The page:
Aromantic: An Overview

Aromantic: An Overview

What It Means to be Aromantic

Aromantic, or aro for short, is a romantic orientation. Yes, romantic orientations differ from sexual orientations! Though experiences vary between individuals, aromantic people do not develop romantic feelings or desire romance. A few may even feel an aversion to romance. But that isn't true for all aromantics.

If this sounds like what you are going through, or you know someone who identifies as aromantic, you found the right place to start learning more about this wonderful community. There are many common misconceptions, so let's work on understanding a few facts about the aromantic, or "aro" (pronounced like "arrow"), community. 

 

Aromantic vs. Asexual

Being aromantic is often confused with asexuality, but romantic orientations are distinguished from sexual orientations. A romantic connection does not always involve sexual attraction, and the opposite is true, too. Sexual attraction does not always involve romance. Asexuals do not feel sexual desire, but aromantics can! Sexual behavior is often confused with sexual identity, an important aspect of the LGBTQIA+ community.

Though they do not form romantic attachments, aro folx can develop sexual attachments. Not always, but it is a possibility. Both asexual and aromantic individuals can develop loving, committed relationships, just in other ways. The asexual and aromantic spectrum, or a-spec, is wide and varied, and each experience is completely valid. There is no all-encompassing definition that applies to every individual.

Still confused? Let's break it down a bit more.

 

The Aromantic Experience

We all have an idea of what love “looks like” portrayed by media and social culture. Romance is the focus, represented as the end-goal for a successful love life. Princes save damsels in distress, and love is expressed through grand romantic gestures, like roses and desperate confessions. But love can be expressed in so many other ways.

Aromanticism is an umbrella term for a spectrum of romantic orientations. The best way to understand the rainbow of aro individuals is to learn about their experiences. Many aromantic people would say they don't develop “crushes” or find interest in having a romantic relationship. At most, they may have “squishes,” if that. Some simply do not yearn for the “traditional” relationship structure and instead prefer QPPs, or "queerplatonic partnerships."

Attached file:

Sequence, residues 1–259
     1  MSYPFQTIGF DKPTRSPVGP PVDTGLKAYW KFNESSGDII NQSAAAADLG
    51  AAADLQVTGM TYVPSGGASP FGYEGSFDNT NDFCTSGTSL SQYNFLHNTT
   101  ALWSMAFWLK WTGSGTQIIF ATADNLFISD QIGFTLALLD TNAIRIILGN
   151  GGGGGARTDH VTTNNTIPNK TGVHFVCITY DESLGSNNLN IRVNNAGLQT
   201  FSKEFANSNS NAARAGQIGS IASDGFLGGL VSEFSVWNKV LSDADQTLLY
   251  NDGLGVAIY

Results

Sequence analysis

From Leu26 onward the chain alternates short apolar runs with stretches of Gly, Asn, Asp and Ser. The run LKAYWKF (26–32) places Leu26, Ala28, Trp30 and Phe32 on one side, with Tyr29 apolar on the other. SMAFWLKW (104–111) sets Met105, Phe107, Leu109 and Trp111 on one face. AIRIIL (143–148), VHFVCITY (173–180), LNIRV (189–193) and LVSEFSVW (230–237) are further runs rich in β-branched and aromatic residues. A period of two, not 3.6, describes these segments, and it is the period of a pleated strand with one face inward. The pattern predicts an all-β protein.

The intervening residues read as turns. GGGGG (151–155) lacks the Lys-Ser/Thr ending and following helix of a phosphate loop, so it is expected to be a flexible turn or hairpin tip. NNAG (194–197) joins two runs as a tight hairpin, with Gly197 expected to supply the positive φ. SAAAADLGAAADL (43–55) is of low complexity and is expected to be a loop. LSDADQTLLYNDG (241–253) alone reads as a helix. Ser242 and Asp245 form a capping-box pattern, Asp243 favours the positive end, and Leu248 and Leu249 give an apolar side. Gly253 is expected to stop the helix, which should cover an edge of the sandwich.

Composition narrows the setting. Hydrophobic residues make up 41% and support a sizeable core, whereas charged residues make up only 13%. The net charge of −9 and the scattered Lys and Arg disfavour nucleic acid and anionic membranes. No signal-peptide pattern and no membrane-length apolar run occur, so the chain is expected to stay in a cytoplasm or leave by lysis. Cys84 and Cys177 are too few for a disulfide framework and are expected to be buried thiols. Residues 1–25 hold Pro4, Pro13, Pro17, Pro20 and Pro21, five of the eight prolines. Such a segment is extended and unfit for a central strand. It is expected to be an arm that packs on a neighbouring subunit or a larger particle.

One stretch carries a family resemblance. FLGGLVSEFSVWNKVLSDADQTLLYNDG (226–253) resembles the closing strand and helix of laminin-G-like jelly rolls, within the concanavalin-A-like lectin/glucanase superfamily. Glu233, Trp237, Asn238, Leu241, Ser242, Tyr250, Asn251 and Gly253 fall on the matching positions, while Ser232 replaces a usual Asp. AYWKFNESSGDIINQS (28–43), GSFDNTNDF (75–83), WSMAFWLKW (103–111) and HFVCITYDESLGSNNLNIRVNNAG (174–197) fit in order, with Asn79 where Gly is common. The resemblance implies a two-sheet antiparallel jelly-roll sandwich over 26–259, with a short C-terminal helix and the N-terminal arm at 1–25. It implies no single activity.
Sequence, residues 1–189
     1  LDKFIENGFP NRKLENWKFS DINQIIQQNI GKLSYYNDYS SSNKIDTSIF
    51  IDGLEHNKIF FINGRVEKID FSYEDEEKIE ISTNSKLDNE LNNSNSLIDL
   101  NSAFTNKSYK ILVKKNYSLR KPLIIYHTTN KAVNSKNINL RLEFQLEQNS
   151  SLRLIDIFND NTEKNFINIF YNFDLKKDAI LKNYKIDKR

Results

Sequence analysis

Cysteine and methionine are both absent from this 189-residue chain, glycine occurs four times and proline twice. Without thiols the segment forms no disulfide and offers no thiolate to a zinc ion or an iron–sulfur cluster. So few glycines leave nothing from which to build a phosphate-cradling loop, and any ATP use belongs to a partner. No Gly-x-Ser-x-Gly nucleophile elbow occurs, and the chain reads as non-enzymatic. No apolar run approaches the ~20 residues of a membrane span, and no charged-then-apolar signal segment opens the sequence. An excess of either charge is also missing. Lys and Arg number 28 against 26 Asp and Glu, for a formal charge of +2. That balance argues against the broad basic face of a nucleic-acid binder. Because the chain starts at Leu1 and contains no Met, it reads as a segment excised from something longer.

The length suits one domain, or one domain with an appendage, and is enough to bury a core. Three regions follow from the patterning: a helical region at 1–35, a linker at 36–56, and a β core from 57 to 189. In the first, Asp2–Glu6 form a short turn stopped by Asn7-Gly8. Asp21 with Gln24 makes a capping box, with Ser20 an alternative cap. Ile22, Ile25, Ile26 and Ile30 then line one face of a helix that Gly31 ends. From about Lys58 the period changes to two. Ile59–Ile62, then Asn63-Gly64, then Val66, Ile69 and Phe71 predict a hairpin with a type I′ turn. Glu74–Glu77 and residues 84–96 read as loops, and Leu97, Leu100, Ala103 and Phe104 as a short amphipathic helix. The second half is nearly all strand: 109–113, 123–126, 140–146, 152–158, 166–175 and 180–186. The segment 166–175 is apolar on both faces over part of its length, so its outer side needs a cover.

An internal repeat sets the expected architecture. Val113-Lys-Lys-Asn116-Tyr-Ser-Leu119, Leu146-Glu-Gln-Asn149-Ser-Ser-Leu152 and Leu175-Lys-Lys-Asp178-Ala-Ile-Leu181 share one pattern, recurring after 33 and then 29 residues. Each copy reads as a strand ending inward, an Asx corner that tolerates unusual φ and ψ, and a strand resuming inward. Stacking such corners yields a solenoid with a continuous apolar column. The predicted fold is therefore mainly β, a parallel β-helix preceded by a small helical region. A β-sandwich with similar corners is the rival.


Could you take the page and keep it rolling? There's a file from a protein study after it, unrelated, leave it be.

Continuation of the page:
These stereotypes of love are accepted as the norm, and aro folx may feel ostracized or that something is wrong with them. Thus, it is common for aro individuals to realize later in life that they are aromantic. The term “aromantic” came about somewhat recently. Like all sexual and gender identities, Romance exists on a spectrum, and they are all valid!

 

Aromantic Relationships

The aromantic experience varies widely from each individual. More in-depth research is severely lacking in why aromantics don't experience romance as romantics do — but they do have feelings. They have loving relationships that do not focus on romance. However, some may display typical romantic behavior to please their partner. There are other ways to show affection that does involve romance.

Queer platonic partnerships are platonic, not romantic, by nature. They have a level of commitment, decide major life decisions together or even have children — being aromantic does not exclusively mean they are also asexual. Aros do get married! The lack of romantic attachment may affect the amount of time they spend with loved ones, but other aspects can remain the same as romantic relationships.

 

5 Common Misconceptions about Aromantic Folx

  1. They hate romance. This simply is not true! Though some aromantics do reject romance, not all do. Aromanticism exists on a spectrum. Though they don't crave or feel romance the way others do (and the way the media portrays it), they don't hate it and can still enjoy romantic themes in shows, music, and other media.